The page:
Eventually, the RV wasn’t viable anymore for Denise and Richard. Both tried reaching out to services to help them but they would get stuck.
The couple can’t locate their marriage licenses or IDs after portions of their things were stolen, so any help requiring paperwork is difficult. When they have been awarded vouchers for long-term rental housing, they couldn’t find apartments willing to accept them. (Advocates for the homeless say this is a chronic problem.) And most services they qualify for would only take in one of them, not both.
“And that went on for months,” Denise said, sighing into her palm. “After you jump through so many hoops you get tired and just want to give up… it’s a snowball effect.”
Trouble getting help
Their situation was not due to lack of trying, they said. Denise and Richard were both in a homeless shelter for a time while trying to get Denise medical attention. However, they found many problems with that environment.
“When you live there, they usually want you to work,” Richard said. “Since I had a license, I had to drive others around to appointments.”
He’s referring to shelters that require residents to put in time around the shelter to clean, cook or do other chores. The couple says this left little time for Richard to get another job to actually start making money.
They worked with a few social workers over the past three years, trying to find them help, but nothing was able to stick.
After they started camping, police frequently tried to run them off, though some attempted to help. Denise says most accuse them of using drugs.
“I do not use drugs,” Denise said.
She claims that when the police would come to force them out of a location, it would mean they had to focus on finding safety first, and that doesn’t allow them to seek long-term help.
Above all else, a major barrier for accessing services is transportation.
“When all the places you have are downtown, that’s great for the people there. But, there are homeless all over in Wichita and a lot of times you have to wait like five hours on buses to get where you are going,” Denise said.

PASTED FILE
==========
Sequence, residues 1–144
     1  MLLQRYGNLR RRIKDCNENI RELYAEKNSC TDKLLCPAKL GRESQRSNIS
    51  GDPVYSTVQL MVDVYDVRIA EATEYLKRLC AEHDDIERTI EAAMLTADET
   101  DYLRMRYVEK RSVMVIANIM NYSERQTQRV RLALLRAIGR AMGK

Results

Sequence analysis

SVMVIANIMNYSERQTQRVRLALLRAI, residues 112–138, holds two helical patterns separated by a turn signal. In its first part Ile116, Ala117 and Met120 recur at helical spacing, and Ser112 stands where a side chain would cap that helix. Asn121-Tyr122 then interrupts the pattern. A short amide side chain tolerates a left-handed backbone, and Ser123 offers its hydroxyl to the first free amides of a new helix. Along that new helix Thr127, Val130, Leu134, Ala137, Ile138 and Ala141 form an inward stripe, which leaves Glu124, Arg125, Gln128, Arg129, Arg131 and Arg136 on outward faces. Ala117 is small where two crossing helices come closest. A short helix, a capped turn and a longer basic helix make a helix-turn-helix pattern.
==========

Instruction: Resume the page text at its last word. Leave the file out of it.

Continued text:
Denise and Richard fear this problem will be exacerbated if a new proposed resource center for the unhoused is built. A plan to spend $5.5 million of unused COVID relief aid on centralized services for the homeless still requires approval by the U.S. Department of Housing and Urban Development.
Why stay homeless in Wichita?
Denise and Richard have slept in to escape the cold. Overnight the temps had fallen below freezing and their position near the river made warming up a slow process.
Frozen dewdrops cling to the dried reeds near the riverbed.
It doesn’t feel at all hospitable until you notice the fire pit next to their patchwork tent. A seat fashioned out of a milk crate and an old office chair sit next to a wheelchair, a pair of resting spots to warm yourself while you cook a meal.
A glimpse into their tent shows warm blankets and comfortable places to rest on the soft sand. To block the winter wind, they’ve created a door out of a smaller tarp that can be latched and unlatched as needed.
Some mornings Denise, a Native American, performs a cleansing ritual with the water of the river, something she learned in her youth as she traveled from powwow to powwow with her family. She remembers sleeping in a tipi during those times, and this life reminds her of it.
They feel connected here.
“Some people say, ‘How can you be out here if you can’t walk?’ Because I feel better here. I don’t even need oxygen attached when I’m out here,” Denise said. “You stick me in a house and I start having breathing issues.”
Despite the cold, despite the hardships, they say this is the best place they could be right now.
As temperatures plummet to life-threatening lows, Wichita has shelter available for people in need, homeless or not. The first step is to call 211 or visit the United Way website to access help from more than 70 local organizations.